It's becoming a broken record, but health is the biggest impediment to McCaffrey regaining his title of most versatile weapon in the NFL. After the electric 1,000/1,000 season in 2019, CMC has missed 23 games due to injury. A dual-threat force, McCaffrey owns power and wiggle up the middle, good hands in the passing game and open-field ability to torture whichever linebacker finds himself stuck in coverage. McCaffrey led the NFL with 5,443 scrimmage yards from 2017 through 2019. The Panthers need the dynamic force we saw in '19 to help Baker Mayfield/Sam Darnold/whoever as a pressure-release valve with big-play ability. If his latest plan, to emulate Marshall Faulk's offseason workout regimen, pays off and McCaffrey stays healthy, he's a weapon that could transform a wayward offense.
Mooney is in line to see a heap of targets come his way following a breakout Year 2 after the Bears did little to buffer the burgeoning receiver this offseason. Mooney led the Bears with 81 catches, 1,055 receiving yards and four TD grabs in 2021 -- and 523 of Justin Fields' 1,870 pass yards were to Mooney (28.0%). Mooney displayed the ability to stretch the field, portending a good rapport with Fields' big-arm capabilities. The Fields-Mooney combo finished the season with an average of 13.4 air yards per attempt, 11th-most among all QB-WR duos, per Next Gen Stats, and just a tick ahead of Russell Wilson-DK Metcalf. With Fields the surefire starter entering Year 2, the Bears are counting on Mooney to reach new heights for the offense to flourish under coordinator Luke Getsy. Everything suggests he's ready to meet that challenge.
Parsons completely transformed the Cowboys' defense as a rookie, showcasing the ability to wreak havoc anywhere along the defensive front seven. As an off-ball linebacker, Parsons displays ridiculous closing speed, hogtying ball carriers, harassing quarterbacks who dare leave the pocket and even making plays in coverage downfield. Even more impressive: When the Cowboys moved him to an edge-rush position after injuries depleted the team's defensive line, Parsons showed a quick first step to burn past offensive tackles. The 23-year-old's versatility makes him a menace for opposing quarterbacks. En route to his Defensive Rookie of the Year award, Parsons finished top six in the NFL in sacks (13) and tackles for loss (20). He crushed the quarterback despite only rushing on 52.9% of opponents' dropbacks (260th in the NFL) -- for comparison, T.J. Watt rushed on 88.3%. After coming up just shy of the rookie sack record (14.5), Parsons set his goal at the all-time record (22.5) in 2022. If he gets enough pass-rush reps, the dynamo has the talent to threaten that mark. If he does, and the Cowboys soar to the best record in the NFL, the Dallas hype machine will be out of control. Out. Of. Control.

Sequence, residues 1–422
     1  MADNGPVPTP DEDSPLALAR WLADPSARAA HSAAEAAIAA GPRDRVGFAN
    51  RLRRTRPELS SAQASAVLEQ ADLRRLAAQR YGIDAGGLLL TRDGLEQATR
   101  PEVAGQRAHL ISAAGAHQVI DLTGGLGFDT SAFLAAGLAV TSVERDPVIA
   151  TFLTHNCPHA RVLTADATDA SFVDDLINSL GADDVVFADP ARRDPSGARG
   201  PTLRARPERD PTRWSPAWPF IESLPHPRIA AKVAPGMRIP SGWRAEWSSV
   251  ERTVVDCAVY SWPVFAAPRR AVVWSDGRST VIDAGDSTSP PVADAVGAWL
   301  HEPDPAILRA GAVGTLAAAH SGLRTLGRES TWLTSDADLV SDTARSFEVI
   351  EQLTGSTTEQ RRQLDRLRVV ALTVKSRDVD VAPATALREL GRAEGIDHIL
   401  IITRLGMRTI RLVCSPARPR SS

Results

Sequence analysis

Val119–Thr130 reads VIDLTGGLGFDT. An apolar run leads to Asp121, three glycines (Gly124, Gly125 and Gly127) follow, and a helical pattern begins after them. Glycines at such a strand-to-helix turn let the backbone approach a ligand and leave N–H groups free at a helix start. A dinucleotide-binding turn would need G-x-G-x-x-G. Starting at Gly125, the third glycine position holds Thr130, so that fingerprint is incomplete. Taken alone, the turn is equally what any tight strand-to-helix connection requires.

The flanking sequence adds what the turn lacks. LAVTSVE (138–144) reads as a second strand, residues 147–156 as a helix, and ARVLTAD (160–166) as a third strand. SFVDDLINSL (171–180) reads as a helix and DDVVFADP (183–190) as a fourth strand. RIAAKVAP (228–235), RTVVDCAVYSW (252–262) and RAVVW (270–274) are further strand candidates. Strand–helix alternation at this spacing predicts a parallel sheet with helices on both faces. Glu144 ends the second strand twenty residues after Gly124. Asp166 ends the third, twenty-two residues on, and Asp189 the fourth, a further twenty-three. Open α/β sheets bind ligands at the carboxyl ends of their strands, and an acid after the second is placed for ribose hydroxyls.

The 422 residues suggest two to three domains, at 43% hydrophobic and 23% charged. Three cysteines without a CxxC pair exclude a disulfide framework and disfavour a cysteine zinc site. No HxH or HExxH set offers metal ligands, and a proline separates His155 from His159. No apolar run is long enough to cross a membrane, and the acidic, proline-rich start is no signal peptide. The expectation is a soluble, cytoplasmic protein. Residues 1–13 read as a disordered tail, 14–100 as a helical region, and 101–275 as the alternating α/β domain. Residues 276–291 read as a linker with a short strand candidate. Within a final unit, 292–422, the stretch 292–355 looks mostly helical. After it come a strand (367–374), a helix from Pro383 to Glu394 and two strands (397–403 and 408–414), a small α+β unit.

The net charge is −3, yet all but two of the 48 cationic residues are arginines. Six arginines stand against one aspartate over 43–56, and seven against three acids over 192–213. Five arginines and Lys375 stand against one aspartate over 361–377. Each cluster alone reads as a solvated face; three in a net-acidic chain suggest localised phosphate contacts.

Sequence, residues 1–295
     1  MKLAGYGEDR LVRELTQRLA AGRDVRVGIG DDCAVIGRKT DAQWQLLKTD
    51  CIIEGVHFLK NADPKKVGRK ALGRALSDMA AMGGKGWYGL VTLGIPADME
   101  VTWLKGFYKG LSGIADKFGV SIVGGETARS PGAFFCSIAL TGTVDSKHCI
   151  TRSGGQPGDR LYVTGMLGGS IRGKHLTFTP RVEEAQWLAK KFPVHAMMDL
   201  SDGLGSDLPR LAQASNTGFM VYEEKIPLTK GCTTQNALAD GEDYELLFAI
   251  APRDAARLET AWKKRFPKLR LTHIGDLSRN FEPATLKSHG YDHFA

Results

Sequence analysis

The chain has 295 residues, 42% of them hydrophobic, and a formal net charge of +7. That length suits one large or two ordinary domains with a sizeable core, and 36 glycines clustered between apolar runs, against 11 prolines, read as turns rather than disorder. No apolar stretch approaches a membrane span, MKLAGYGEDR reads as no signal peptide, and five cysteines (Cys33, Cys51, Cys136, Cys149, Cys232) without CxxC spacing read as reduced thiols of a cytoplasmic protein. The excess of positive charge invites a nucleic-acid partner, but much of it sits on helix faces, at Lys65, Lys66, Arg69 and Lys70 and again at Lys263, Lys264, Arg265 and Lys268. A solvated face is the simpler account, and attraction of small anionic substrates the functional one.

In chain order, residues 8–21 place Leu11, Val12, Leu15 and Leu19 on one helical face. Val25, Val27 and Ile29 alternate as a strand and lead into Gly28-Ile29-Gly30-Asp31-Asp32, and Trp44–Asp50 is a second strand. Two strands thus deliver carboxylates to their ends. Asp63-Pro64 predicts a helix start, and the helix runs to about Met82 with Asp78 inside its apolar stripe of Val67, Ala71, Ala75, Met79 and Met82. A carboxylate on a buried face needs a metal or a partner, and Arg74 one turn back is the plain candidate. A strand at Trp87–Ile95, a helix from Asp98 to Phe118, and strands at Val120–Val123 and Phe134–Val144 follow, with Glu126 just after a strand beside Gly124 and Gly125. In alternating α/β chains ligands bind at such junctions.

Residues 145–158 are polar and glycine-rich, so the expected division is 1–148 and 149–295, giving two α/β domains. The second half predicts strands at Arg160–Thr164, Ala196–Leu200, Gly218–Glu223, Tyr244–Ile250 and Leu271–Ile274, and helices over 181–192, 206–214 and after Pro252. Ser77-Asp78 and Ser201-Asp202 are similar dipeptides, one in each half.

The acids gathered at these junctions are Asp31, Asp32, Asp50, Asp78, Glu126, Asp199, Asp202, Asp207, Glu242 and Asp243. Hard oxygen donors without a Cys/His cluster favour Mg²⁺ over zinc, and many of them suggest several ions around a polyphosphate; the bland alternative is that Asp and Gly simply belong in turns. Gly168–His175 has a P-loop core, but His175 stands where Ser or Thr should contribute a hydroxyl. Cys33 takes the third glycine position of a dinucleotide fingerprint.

A rookie winning MVP? Laughable. Sure. Sure. Sure. But what if the homegrown talent dominates out of the gate, racking up sack after sack for a previously toothless Lions defense? If Detroit is to go worst-to-first in the NFC North, the defense must be better, and that starts with Hutchinson having one of the greatest seasons in club history after setting the single-season Michigan sack record. Suppose the edge rusher blasts past the rookie sack record of 14.5, approaches the 20-sack mark and plays like a man possessed as the Lions stun the football world in Year 2 of a rebuild. Then does it sound so ridiculous?